In the heating step, the pressure P (9.8×100 N/m) applied to the color image preferably satisfies the following relationship:

((9/5)×logη−4/5)/15≧P≧((1/100)×logη)/15

wherein η represents the melt viscosity of each of the color toners in units of centipoise at the temperature in the heating step.

The melt viscosities of the plurality of color toners are preferably from 10 to 1013 centi-poise.

These and other objects, features and advantages of the present invention will become apparent upon consideration of the following description of the preferred embodiments of the present invention taken in conjunction with the accompanying drawings.

BRIEF DESCRIPTION OF THE DRAWINGS

Various other objects, features end attendant advantages of the present invention will be more fully appreciated as the same becomes better understood from the detailed description when considered in connection with the accompanying drawings in which like reference characters designate like corresponding parts throughout and wherein:

FIG. 1 is a schematic view illustrating a fixing device for use in the image forming method of the present invention;

FIG. 2 is a schematic view illustrating another fixing device for use in the image forming method of the present invention;

FIG. 3 is a schematic view illustrating yet another fixing device for use in the image forming method of the present invention; and

FIG. 4 is a graph illustrating the relationship among fixing pressure, melt viscosity of toner and image qualities of the fixed toner images.

DETAILED DESCRIPTION OF THE INVENTION

Generally, the present invention provides an image forming method including the steps of forming a color image on an image support and which comprises a plurality of color toners each having a melting point or a softening point; heating the color image on the support with a fixing member upon application of pressure while the color image contacts a surface of the fixing member such that the color image is heated at a temperature not lower than the melting points or softening points of the plurality of color toners to melt or soften the color toners; and then cooling the color image to a temperature lower than the melting points or softening points while the color image contacts the surface of the fixing member; and then separating the color image from the fixing member, wherein the surface of the fixing member has a ten point mean roughness not greater than 20 μm.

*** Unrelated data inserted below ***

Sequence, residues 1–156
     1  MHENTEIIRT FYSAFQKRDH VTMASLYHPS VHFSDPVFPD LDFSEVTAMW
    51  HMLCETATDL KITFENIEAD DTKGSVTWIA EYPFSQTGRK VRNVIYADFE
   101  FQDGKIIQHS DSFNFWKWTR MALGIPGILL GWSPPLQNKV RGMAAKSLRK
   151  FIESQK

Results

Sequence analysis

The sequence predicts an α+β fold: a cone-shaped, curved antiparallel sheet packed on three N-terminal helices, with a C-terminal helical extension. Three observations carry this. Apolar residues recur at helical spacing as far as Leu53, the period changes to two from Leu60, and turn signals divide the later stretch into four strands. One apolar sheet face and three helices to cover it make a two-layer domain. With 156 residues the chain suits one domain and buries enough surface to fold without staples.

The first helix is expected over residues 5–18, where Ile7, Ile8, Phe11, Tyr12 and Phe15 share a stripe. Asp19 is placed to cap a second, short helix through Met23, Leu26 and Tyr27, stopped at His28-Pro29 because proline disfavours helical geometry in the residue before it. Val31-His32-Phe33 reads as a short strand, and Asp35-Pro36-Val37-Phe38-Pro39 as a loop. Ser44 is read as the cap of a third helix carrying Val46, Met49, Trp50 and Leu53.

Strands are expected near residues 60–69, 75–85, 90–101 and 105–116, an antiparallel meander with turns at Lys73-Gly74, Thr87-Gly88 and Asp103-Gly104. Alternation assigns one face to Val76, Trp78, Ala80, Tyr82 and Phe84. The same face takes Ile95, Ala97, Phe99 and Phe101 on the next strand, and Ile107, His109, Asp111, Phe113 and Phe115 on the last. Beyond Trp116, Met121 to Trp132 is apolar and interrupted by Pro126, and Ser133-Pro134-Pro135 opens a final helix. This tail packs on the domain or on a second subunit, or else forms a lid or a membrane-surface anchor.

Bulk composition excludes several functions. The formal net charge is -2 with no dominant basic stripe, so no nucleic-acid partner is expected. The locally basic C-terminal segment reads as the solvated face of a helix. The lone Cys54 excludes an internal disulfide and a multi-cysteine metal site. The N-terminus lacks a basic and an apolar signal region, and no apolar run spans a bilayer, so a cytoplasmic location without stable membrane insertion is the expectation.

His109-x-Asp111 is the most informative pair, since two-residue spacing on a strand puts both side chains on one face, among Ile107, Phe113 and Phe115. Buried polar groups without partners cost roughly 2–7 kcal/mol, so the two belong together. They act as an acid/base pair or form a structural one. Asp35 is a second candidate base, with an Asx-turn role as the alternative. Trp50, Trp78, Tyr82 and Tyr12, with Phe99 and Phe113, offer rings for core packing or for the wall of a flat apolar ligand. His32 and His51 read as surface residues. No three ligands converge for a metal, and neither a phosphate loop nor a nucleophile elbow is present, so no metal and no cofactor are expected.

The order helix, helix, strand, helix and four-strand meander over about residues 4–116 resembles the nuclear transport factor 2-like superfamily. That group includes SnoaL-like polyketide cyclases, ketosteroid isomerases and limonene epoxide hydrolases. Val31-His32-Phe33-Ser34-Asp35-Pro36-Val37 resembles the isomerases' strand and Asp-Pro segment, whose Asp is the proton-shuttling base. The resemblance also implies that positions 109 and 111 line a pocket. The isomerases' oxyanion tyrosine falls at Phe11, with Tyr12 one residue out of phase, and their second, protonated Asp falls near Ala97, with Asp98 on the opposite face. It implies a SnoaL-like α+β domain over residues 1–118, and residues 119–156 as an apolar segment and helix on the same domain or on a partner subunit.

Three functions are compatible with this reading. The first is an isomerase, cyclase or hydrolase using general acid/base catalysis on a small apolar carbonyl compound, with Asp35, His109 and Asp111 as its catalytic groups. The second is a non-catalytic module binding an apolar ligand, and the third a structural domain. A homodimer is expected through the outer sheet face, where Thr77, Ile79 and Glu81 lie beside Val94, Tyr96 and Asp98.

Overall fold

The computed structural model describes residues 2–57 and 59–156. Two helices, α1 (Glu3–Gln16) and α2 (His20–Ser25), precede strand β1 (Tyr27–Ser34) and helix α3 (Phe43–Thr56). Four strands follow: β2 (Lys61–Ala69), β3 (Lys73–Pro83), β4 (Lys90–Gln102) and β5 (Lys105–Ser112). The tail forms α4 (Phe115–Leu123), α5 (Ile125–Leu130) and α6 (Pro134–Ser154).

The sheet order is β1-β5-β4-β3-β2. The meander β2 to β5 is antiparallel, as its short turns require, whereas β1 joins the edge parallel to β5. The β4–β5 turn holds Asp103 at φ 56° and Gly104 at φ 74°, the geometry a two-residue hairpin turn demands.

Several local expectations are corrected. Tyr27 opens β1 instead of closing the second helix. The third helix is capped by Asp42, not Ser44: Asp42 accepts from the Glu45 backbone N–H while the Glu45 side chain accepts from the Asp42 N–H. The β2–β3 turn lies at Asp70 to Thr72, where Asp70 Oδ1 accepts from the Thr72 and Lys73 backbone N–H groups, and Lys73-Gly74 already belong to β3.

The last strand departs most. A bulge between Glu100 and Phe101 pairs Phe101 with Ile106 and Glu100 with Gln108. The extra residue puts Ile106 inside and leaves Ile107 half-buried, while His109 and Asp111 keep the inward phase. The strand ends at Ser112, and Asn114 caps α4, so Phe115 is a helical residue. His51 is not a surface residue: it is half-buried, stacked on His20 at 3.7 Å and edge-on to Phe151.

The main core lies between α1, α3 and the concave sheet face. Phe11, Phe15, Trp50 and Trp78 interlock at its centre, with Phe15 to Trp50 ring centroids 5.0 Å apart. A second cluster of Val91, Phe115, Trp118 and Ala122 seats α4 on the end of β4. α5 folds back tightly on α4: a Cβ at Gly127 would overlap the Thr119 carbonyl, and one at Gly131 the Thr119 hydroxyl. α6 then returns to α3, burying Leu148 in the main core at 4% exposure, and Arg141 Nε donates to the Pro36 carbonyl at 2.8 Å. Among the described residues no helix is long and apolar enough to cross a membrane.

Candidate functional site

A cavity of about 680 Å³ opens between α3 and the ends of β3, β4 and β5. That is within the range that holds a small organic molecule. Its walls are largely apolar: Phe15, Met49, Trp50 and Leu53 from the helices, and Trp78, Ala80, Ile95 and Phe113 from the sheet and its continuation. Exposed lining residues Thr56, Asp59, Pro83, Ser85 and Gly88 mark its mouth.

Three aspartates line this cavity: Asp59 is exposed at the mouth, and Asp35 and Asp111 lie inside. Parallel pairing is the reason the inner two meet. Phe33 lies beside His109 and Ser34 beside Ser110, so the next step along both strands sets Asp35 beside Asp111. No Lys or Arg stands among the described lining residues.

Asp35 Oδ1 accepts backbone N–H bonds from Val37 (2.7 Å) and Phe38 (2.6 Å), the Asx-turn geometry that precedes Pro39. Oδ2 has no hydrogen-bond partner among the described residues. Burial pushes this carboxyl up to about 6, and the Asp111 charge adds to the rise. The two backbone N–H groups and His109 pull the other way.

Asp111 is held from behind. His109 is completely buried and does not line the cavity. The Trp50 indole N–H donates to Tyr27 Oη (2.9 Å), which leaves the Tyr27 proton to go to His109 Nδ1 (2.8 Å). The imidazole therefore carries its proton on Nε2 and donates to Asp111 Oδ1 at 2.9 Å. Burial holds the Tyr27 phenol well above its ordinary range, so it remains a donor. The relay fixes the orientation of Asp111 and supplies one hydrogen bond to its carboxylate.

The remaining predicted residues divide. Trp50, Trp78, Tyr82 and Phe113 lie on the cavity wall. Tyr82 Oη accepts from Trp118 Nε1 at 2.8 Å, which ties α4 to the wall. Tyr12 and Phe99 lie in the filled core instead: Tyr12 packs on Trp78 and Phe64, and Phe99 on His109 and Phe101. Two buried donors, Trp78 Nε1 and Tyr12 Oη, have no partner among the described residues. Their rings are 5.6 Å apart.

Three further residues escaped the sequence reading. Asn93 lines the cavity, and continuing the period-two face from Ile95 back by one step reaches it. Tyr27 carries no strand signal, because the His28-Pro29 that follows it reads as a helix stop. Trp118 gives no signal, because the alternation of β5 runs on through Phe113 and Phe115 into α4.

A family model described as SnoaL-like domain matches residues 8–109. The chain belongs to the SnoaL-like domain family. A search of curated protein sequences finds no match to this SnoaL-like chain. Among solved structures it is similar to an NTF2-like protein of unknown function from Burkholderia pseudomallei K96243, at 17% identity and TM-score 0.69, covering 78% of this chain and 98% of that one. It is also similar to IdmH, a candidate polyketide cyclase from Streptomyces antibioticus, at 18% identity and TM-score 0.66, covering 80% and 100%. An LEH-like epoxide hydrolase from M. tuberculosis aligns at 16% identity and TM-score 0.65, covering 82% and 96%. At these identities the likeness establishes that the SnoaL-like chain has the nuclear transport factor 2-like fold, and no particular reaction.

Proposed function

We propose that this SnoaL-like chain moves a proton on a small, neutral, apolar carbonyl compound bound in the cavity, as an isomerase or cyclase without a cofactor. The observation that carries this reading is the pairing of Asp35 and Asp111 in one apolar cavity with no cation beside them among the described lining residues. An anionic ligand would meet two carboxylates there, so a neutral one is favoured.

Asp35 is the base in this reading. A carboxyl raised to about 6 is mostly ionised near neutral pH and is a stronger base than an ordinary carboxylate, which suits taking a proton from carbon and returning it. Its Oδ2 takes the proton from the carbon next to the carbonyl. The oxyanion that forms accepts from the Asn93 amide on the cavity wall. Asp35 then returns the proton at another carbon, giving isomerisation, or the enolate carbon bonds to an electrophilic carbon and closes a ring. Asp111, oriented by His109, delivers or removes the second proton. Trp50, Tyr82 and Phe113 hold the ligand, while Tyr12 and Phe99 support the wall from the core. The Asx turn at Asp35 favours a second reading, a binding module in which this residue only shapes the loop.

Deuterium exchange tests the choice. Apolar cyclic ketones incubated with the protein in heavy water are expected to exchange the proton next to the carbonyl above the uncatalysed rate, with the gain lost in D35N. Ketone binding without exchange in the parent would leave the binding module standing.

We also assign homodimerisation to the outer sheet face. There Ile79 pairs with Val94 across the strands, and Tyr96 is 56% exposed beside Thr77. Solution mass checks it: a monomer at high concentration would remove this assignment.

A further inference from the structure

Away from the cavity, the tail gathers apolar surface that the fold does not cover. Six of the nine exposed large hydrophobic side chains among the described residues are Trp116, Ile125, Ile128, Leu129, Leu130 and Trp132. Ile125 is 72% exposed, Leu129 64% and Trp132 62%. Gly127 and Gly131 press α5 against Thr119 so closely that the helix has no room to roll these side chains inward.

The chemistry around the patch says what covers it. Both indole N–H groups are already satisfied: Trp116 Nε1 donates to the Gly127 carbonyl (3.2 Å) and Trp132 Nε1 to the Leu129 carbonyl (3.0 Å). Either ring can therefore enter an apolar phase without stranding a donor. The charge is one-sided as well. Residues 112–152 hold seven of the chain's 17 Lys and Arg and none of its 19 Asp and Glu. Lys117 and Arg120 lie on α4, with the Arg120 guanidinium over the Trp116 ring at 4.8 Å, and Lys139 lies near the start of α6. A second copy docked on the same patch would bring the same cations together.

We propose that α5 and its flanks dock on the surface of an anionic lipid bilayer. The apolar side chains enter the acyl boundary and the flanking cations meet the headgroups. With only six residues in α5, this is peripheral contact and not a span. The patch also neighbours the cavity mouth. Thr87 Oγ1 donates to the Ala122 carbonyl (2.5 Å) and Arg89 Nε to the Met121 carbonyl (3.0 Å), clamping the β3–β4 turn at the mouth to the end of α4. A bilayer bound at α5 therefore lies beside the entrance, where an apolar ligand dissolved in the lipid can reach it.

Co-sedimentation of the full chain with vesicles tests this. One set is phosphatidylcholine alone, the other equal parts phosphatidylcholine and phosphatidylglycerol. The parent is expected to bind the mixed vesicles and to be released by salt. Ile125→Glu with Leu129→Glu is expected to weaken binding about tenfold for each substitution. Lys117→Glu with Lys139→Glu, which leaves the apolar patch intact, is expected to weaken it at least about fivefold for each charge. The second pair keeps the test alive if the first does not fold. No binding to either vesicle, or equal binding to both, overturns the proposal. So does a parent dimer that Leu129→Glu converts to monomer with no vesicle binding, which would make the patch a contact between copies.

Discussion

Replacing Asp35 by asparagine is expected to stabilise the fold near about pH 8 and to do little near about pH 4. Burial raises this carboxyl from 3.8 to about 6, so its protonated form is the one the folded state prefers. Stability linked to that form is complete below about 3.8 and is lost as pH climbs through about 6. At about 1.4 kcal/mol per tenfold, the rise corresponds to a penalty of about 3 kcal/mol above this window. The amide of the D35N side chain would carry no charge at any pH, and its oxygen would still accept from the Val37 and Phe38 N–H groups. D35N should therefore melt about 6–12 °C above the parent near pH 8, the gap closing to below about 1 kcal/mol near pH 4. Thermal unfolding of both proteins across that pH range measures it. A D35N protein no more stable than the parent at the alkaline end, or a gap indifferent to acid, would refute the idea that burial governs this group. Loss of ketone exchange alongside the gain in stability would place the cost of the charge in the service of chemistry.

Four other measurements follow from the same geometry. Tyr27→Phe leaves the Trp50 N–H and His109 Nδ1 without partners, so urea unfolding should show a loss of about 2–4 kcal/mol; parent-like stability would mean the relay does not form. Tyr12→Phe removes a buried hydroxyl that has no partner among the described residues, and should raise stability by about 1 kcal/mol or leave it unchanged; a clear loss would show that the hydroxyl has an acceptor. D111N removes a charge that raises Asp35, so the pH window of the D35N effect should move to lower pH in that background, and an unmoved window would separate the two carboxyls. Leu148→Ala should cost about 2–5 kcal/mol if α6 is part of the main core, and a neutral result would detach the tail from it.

In the heating step, the pressure P (9.8×100 N/m) applied to the color image preferably satisfies the following relationship:

((9/5)×logη−4/5)/15≧P≧((1/100)×logη)/15

wherein η represents the melt viscosity of each of the color toners in units of centi-poise at the temperature in the heating step.

The melt viscosities of the plurality of color toners are preferably from 10 to 103 centi-poise.

By using the image forming method mentioned above, color images having uniform high gloss can be prepared.

The image forming method of the present invention will be explained in detail referring to drawings.

FIG. 1 is a schematic view illustrating a fixing device for use in the image forming method of the present invention. In FIG. 1, numerals 1, 2, 3, 4, 5 and 5 a respectively represent a fixing roller, a heating element, a pressure roller, a cooling member, an image support and color toner images. The fixing roller 1, pressure roller 3 and cooling member 4 rotate in the respective directions indicated by the respective arrows.